Gardening in the Blind


Organic farming
November 5, 2011, 12:24 pm
Filed under: Farming, Green
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Harvested tomatillos before the storm

Organic farming has been researched for years.  The findings are the same everytime.  The produce is more nutritous, uses less fossil fuels and has a higher soil quality.  So why, if so much better, does it cost more to prove you are responsible.  The people who use more fossil fuels, trash the soil and grow seeds that are genetically modified don’t have to pay extra to farm as such.  What is wrong with this picture?

Bioscience magazine published an article back in July entitled “Environment, energy and economic comparisions of organic and conventional farming systems”.  This article is documenting a 22-year study that found organic farming produces the same yields of corn and soybeans as conventional farming, but uses 30 percent less energy, less water and no pesticides.  This study blows holes in all that is stated about reasons why people don’t use organic farming.  If the yeilds are the same or better, why not?  Just make it pass the first four years when the soil is being built back.  I would think you would eventually save a lot of money by not purchasing and dispersing chemicals on the land that ruins the soil.  This study is a review of the Rodale Institute Farming Systems Trial, the longest running trial of its sort within the United States.  I urge you all to google it to learn more (Click Here for the Rodale Institute Site).

I have a dream.  Not an earth shattering dream, but a dream nonetheless.  Let it be free to farm organically and charge people for conventional farming.  Maybe then people might learn to appreciate the soil and environment and saftey
of produce.



Harvesting the biggest raddish yet!
June 27, 2011, 6:42 am
Filed under: Cooking/Canning/Drying, Farming, outdoor gardening

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I had mentioned some time back that I was trying a new radish this year – Black Spanish Radish.  Well, I have to say it is the largest radish I have ever grown.  I needed to pull them as it was looking like it was going to bolt, so I started with the largest of them.  It was a little hard to pull, so I started digging around it.  I ended up with a radish the size of a tennis ball.  Amazed at this, I ran inside to show Deron. 

It amazes me that even after the three years doing this blog, I still get excited to find something to harvest.  It is my favorite time of year!  Deron and I have been eating mustard greens in stir frys lately.  I need to make pasta again.  Not only do I have almost 2 dozen eggs again, I am harvesting garlic scapes which I love lightly sauteed with tomatoes and placed on top of pasta…mmmmmm.

Let me try to help you think of just how many garlic scapes I have.  For every garlic I planted (200) I get a scape that needs to be picked so it will start forming the bulb.  I have harvested about half of them.  Although right now I only have about 50 in the refrigerator.  Lots to make stuff with.  So, I see pasta, potatoe salad, garden salads and much more for the next couple of weeks.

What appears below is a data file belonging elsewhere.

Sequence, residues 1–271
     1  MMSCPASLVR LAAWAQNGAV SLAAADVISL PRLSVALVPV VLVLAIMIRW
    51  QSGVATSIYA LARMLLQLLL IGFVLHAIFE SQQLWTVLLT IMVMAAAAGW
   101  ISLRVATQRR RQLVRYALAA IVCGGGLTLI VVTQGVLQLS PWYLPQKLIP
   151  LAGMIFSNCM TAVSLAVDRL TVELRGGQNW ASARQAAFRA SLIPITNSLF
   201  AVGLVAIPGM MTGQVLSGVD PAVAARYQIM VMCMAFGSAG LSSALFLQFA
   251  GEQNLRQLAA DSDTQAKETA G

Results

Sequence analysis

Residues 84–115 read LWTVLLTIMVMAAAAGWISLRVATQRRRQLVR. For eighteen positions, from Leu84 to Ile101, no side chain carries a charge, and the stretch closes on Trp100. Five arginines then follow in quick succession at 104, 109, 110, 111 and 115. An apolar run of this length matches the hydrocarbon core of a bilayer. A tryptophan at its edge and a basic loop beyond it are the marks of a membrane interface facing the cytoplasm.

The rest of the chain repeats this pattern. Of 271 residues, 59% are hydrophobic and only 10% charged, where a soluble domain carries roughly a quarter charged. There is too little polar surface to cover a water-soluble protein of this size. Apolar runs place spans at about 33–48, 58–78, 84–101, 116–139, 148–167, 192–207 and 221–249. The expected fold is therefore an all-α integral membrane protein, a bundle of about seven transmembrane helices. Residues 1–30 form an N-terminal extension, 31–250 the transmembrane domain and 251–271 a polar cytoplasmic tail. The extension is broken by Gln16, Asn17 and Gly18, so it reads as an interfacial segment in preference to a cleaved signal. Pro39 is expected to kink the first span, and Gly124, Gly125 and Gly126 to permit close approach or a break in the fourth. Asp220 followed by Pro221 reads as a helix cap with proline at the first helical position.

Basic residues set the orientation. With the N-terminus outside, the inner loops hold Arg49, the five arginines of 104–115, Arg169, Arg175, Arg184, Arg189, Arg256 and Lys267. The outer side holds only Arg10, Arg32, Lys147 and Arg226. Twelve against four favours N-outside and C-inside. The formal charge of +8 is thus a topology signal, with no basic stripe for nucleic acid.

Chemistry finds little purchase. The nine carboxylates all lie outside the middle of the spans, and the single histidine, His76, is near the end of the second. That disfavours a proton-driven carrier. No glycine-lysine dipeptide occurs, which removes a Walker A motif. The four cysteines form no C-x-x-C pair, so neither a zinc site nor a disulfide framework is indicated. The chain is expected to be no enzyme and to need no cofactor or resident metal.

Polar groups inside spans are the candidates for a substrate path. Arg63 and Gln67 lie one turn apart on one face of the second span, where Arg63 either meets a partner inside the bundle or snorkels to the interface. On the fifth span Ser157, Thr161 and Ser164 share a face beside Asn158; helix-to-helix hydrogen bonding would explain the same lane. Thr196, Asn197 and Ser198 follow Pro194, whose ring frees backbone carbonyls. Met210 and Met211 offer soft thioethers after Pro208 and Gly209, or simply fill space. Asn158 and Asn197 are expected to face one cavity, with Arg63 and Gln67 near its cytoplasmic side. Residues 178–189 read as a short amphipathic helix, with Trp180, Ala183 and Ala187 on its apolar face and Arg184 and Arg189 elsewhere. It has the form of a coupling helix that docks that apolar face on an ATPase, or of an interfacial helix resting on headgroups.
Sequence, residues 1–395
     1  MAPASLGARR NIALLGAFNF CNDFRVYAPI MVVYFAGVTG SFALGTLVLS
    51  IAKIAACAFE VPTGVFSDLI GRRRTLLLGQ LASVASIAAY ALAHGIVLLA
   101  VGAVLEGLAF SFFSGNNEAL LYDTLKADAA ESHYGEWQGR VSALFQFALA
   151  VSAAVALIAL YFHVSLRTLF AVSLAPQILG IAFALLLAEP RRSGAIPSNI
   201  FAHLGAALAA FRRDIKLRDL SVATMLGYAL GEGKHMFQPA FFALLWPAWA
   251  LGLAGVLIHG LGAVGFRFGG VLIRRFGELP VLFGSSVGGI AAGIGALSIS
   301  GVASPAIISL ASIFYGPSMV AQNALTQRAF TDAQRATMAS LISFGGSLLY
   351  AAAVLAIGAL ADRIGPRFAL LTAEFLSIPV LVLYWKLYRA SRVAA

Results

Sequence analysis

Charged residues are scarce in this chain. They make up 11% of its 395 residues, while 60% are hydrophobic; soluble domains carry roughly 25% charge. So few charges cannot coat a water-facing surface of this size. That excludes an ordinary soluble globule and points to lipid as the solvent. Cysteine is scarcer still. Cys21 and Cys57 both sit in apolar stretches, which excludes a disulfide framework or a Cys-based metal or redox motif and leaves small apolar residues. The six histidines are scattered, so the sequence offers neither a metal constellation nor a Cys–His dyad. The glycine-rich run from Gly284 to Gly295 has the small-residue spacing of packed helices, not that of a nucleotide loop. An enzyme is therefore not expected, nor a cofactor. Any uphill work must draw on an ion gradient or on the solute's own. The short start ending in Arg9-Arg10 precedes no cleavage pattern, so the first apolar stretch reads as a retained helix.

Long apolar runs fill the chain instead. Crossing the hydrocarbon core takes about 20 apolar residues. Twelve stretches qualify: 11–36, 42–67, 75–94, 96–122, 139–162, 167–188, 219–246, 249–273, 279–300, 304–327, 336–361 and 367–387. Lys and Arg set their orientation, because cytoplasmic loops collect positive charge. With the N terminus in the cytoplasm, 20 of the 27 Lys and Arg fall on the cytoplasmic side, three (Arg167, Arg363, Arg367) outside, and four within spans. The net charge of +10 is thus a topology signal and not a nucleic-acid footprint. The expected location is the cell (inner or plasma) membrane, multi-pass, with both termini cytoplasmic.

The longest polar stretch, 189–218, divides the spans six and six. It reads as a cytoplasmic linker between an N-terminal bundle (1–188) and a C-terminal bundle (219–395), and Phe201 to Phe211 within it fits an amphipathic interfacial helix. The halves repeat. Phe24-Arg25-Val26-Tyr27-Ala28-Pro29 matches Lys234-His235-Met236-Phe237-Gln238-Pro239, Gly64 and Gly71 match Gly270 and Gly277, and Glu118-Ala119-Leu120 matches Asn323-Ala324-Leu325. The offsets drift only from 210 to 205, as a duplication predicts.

I have a lot of green tomatoes on the plants.  I am betting the first I write about is Matt’s Wild Cherry.  I should be shortly!



Volunteering for the love of a farm and cheese…
May 10, 2011, 2:12 pm
Filed under: Farming | Tags:

Moving plants around and giving some away!

I decided that I needed a class to take my cheese making to a new level.  I looked at the NOFA website  (Northeast Organic Farming Association) and found the perfect class.  For $85, I took a day long cheese-making class at Robinson Farm.  Visit the farm’s website to see just what Robinson farm looks like.  I came home with an 8 pound wheel of cheese that needs aged for about 4 months.  Anyway, after the class I got to chatting with the owners.  One thing lead to another and I am now volunteering at the farm on Friday mornings. 

Last Friday was my first day on the job.  It was fun and exciting, yet I realize that I need to gain a lot more knowledge before Deron and I have our own farm.  This farm is a nice size, but bigger then I would want.  They have some chickens, grow some produce and milk about 35 cows – not only selling raw milk at the stand, but the cheese that they make at the farm.  

I spent the morning wiping down each swiss cheese to clean it, turning it over and then wiping it down with brine.  When I was finished with the swiss cheese, I helped with packaging the cheeses up and helped collect eggs from the chickens.  The eggs needed cleaned before they went into the stand, so it was soaked in water, wiped clean and placed in cartons.  I like my motto “Poo is a sign of freshness”.  This allows me to not have to refrigerate the eggs.  (As soon as you clean them, you have to refrigerate as you just washed the protective coating off.)

Just spending the 4 hours at the farm was enough to put a smile on my face.  I can’t tell you how it has aided in getting me through the week so far.  I was still talking about it on Sunday to anyone I could!  Deron repeatedly asked me to give it a break.  I just couldn’t.  I can’t wait to see what I have in store for me this week!